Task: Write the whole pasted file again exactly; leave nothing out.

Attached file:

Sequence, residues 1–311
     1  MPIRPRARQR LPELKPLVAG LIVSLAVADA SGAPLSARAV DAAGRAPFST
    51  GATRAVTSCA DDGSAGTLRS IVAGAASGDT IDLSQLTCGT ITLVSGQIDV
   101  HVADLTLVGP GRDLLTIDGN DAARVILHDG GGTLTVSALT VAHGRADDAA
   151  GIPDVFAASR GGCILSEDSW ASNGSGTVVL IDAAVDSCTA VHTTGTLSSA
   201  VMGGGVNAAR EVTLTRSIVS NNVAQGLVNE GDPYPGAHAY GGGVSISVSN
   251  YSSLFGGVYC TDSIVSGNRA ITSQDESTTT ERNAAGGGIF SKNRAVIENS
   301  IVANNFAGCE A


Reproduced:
Sequence, residues 1–311
     1  MPIRPRARQR LPELKPLVAG LIVSLAVADA SGAPLSARAV DAAGRAPFST
    51  GATRAVTSCA DDGSAGTLRS IVAGAASGDT IDLSQLTCGT ITLVSGQIDV
   101  HVADLTLVGP GRDLLTIDGN DAARVILHDG GGTLTVSALT VAHGRADDAA
   151  GIPDVFAASR GGCILSEDSW ASNGSGTVVL IDAAVDSCTA VHTTGTLSSA
   201  VMGGGVNAAR EVTLTRSIVS NNVAQGLVNE GDPYPGAHAY GGGVSISVSN
   251  YSSLFGGVYC TDSIVSGNRA ITSQDESTTT ERNAAGGGIF SKNRAVIENS
   301  IVANNFAGCE A